Wednesday, 7 December 2016

Three Final Excerpts from Epictetus

I've been posting some excerpts from Epictetus who was a Stoic philosopher from two thousand years ago and quite interesting to compare with Buddhist philosophy, along with commentary of my reactions to try to encourage discussion.

There were three more excerpts which stood-out for me which I'd like to share, so here they are: 
As if in a PlayPeople-Pleasing No Original Evil.

As if in a Play

Enchiridion 17: Remember that thou art an actor in a play of such a kind as the author may choose; if short, of a short one; if long, of a long one… see that you act the part naturally… For this is your duty, to act well the part that is given to you; but to select the part belongs to another.

Commentary: This appears at first to be the fatalistic stagnation of the very will which the Stoics would have us strengthen. "to select the part belongs to another" — indeed, it belongs to your self! The instruction then is rather to the ego, that it should have no importance attached to any role, but also that it should play the role as the self, as witness, would have it played should it be called upon to advise another. Emotions then, Epictetus advises, "may be displayed externally, but the mind remains still and undisturbed". But if an emotion is displayed well, it is by necessity felt, and if felt, the mind is necessarily disturbed in the expected manner… if you wish to avoid such disturbance, then you must indeed have selected your part to begin with, the part of the Stoic philosopher! Who today would make such a choice? Is it truthful?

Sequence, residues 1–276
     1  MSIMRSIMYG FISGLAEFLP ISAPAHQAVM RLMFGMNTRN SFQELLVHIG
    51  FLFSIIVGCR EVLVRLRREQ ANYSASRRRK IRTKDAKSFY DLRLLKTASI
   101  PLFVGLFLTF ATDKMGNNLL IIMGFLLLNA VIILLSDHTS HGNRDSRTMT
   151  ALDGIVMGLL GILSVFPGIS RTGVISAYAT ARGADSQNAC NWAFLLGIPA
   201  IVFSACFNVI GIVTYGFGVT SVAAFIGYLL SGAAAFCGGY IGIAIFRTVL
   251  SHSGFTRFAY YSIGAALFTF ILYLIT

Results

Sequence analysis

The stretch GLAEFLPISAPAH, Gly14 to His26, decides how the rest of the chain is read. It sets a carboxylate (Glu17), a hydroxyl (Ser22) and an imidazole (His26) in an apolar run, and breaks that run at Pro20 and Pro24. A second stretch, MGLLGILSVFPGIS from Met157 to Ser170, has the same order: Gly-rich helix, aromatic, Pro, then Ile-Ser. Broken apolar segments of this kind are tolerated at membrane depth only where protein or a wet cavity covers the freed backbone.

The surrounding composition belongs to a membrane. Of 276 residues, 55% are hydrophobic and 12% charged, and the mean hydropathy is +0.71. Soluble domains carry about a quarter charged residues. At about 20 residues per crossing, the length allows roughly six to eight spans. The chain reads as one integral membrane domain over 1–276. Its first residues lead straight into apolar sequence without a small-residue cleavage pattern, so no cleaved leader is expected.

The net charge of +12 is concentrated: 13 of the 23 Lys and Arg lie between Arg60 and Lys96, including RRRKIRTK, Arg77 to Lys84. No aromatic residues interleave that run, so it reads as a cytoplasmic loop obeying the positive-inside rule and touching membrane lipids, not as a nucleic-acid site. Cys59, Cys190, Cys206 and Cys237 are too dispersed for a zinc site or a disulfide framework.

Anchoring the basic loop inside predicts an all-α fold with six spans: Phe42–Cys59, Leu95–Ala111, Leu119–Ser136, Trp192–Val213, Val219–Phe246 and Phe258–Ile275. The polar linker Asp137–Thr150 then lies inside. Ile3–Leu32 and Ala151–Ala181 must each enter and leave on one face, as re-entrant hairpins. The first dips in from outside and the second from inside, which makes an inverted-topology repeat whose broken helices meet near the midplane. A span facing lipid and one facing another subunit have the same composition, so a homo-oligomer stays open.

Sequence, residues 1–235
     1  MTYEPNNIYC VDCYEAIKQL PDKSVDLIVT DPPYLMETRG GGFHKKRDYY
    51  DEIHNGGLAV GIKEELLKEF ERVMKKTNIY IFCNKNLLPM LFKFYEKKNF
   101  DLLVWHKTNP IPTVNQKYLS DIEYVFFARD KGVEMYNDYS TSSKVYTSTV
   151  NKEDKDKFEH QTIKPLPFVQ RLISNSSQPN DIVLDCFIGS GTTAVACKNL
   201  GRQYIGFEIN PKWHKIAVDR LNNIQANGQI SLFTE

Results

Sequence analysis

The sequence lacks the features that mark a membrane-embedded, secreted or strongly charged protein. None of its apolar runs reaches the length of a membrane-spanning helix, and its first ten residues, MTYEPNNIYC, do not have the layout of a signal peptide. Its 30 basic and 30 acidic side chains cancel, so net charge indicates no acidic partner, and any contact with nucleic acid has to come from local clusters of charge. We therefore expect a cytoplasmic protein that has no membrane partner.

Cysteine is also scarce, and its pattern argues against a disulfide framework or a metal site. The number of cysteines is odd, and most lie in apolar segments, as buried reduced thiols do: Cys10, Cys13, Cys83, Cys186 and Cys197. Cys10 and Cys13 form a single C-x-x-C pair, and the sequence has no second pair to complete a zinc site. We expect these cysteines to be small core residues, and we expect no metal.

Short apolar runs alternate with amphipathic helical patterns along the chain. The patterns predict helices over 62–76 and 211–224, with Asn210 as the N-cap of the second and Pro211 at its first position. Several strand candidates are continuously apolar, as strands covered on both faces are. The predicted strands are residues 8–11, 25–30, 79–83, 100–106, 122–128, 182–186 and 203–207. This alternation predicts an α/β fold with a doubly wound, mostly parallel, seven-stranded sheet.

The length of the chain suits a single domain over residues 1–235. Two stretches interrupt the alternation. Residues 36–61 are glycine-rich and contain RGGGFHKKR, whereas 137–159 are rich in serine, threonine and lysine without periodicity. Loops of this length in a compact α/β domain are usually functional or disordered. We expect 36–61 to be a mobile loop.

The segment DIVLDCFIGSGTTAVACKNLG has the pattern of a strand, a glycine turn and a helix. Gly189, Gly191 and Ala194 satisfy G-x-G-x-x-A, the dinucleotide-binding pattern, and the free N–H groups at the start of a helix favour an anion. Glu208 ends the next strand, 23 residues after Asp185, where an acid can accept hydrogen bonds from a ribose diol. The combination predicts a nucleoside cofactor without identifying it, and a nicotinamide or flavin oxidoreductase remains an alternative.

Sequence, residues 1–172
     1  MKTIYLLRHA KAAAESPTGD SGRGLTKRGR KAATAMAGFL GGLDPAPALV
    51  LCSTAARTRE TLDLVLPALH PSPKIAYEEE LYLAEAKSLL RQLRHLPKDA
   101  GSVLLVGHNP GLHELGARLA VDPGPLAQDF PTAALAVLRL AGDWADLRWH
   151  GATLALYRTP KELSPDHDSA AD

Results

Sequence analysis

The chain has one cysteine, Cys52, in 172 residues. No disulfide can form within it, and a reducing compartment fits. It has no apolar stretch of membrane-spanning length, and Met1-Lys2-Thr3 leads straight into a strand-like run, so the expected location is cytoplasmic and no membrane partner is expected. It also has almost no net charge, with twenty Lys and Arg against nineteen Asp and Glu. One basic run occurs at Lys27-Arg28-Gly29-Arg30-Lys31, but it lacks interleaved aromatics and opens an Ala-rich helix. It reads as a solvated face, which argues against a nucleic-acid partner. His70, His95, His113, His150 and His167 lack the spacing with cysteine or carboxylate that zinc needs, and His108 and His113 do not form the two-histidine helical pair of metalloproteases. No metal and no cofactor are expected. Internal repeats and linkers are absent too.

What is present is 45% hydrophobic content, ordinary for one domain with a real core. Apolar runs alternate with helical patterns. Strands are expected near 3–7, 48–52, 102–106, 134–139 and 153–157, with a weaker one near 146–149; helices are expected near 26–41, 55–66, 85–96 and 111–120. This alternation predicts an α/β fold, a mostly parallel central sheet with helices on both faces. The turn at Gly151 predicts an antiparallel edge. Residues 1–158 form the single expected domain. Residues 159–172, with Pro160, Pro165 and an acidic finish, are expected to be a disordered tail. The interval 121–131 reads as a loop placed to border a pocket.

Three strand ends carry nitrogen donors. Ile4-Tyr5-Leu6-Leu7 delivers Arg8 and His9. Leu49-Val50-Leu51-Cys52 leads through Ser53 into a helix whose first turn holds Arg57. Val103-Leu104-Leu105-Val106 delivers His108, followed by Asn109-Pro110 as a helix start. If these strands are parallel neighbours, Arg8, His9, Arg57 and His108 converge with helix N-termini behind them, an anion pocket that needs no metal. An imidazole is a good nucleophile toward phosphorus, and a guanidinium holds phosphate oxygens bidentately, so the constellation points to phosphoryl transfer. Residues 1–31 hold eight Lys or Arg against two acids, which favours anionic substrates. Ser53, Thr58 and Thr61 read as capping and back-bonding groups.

Enchiridion 23: If it should ever happen to you to be turned to externals in order to please some person, you must know that you have lost your purpose in life. Be satisfied then in everything with being a philosopher.

Commentary: To please is to enjoy favourable conditions and to have another enjoy favourable conditions also. This should not be spurned, but the Stoic is concerned with a danger that we become enslaved by our need to please or be pleased, believing we must.

No Original Evil

Enchiridion 27: As a mark is not set up for the purpose of missing the aim, so neither does evil by nature exist in the world.

Commentary: This is the lesson of the meaning of sin as error. In Christian philosophy, it was rephrased as follows, though its impact was not properly appreciated: "Just as man does not set up a mark, or form an intention, for the purpose of missing the mark, so too nothing that God intended could be by purpose or design evil by nature."

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